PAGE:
(Bloomberg) — Facebook Inc. unveiled updates to the Groups
feature of its main social network, doubling down on a successful but
controversial part of the big blue app — and another sign that Facebook is
moving toward more private, intimate communication.
The changes, announced Tuesday at the company’s annual F8
conference in San Jose, California, make Groups a bigger part of the Facebook
user experience. A new design for the Facebook mobile app highlights the Groups
that users have joined, and now shows a personalized feed of activity across
all the groups people are part of in a special tab.
Facebook has been pushing more aggressively into groups for
the past two years as people shy away from posting things publicly and look for
more intimate ways to connect with friends and family. Fast-growing meme and
community groups have been a recent bright spot for Facebook amid a series of
privacy scandals, and the company is also shifting its focus to deal with its
own projections that people are spending less time on its namesake site.
“There are tens of millions of active groups on Facebook,”
the company said in a statement. “When people find the right one, it often
becomes the most meaningful part of how they use Facebook. And today, more than
400 million people on Facebook belong to a group that they find meaningful.”
Groups, which can be public or private on the social
network, can be used to help keep long-distance friends in touch, connect
people with similar interests or passions, and organize events. Facebook is
also making it easier to discover new Groups based on users’ interests, and
will recommend relevant groups to people when they are in other parts of the
app, like Marketplace, the Gaming tab and its Watch video service. People will
also be able to share content directly to their Groups from the share button on
the main News Feed, the same way they do with friends and family, Facebook
The company is even rolling out specific features for
different types of groups. For example, members in health-related groups can
ask the group admin to post on their behalf to better protect their privacy.
Facebook is also adding more chat features for groups focused on gaming.
The growth of groups makes it more urgent for Facebook to
reckon with the spammers, manipulators and hackers that exploit them to spread
misinformation and conspiracy theories, among other things. In special counsel
Robert Mueller’s indictment of 13 Russian nationals and three Russian entities
for allegedly interfering in the 2016 U.S. election, several Facebook groups
were cited as tools to support President Donald Trump’s campaign or oppose
Hillary Clinton’s. More recently, Facebook groups have been blamed for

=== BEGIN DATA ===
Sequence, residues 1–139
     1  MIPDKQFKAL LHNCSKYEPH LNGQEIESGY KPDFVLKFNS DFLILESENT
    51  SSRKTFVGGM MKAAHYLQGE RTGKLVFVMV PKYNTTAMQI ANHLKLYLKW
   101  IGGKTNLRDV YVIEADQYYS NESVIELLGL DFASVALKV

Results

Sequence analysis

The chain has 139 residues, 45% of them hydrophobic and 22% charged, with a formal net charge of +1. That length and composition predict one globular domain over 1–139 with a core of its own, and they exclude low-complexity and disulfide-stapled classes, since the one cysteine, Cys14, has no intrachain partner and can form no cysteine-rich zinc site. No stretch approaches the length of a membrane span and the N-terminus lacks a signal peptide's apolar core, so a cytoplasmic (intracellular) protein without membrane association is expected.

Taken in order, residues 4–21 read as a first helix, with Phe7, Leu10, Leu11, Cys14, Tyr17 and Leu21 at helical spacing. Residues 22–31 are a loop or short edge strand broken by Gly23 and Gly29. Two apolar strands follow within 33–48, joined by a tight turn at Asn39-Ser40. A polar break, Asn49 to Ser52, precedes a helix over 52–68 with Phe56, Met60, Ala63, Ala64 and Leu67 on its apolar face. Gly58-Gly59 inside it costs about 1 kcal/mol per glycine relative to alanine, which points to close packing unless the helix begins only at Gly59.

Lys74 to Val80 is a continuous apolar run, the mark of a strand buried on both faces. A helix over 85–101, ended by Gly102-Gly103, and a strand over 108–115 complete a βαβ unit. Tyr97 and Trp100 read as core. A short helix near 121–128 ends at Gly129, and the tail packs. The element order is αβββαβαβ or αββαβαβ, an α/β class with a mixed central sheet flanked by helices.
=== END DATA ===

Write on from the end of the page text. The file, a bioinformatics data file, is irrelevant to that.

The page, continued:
amplifying anger and spreading misinformation during violent protests in
France. On WhatsApp, an encrypted Facebook messaging service, private groups
have been used to spread dangerous misinformation that has led to physical
violence and even deaths.
In March, Zuckerberg said Facebook is undertaking a massive
overhaul to focus on private, ephemeral and encrypted communication, saying
that more people want to interact privately or in more intimate groups — rather
than the open-sharing model he built the company around. The company also aims
to integrate Facebook’s different online properties, allowing users to send
messages between WhatsApp, Instagram and Facebook Messenger.
Facebook will unveil a slew of other new features on
Tuesday. The company’s Dating service is getting a new feature called Secret
Crush that lets people “express interest in” up to nine of their Facebook
friends. If one of these users has opted into Facebook Dating, they will get a
notification saying someone has a crush on them. If that person adds the
original admirer to their Secret Crush list, Facebook makes a match —
digitally, at least. Facebook Dating, which was announced at last year’s F8, is
still free to users.
Menlo Park, California-based Facebook is also trying to
facilitate non-romantic relationships. A “Meet New Friends” feature will make
recommendations based on some shared connection — like living in the same city
or working at the same company. It’s opt-in, so users will only see other
people who are open to meeting new friends, and vice versa, the company said.
It will also be integrated into Facebook Groups.
The social network’s e-commerce service, called Marketplace,
also got an upgrade. People who sell goods on Marketplace will soon be able to
take payment directly through Facebook, including shipping costs, the company
said. Today, people who sell goods have to arrange payment outside of Facebook,
though they can do so via Facebook’s messaging app, Messenger.
PayPal Holdings Inc. will process payments for purchases
made directly inside Marketplace, according to a company spokesperson. That’s
the same payments partner Facebook’s Instagram is using to process in-app
purchases. Facebook also says it is considering charging sellers a fee for
facilitating these deals.
“We are evaluating a selling fee that is in line with
competitive platforms to help cover payment processing and programs such as
purchase protection,” a spokesperson said.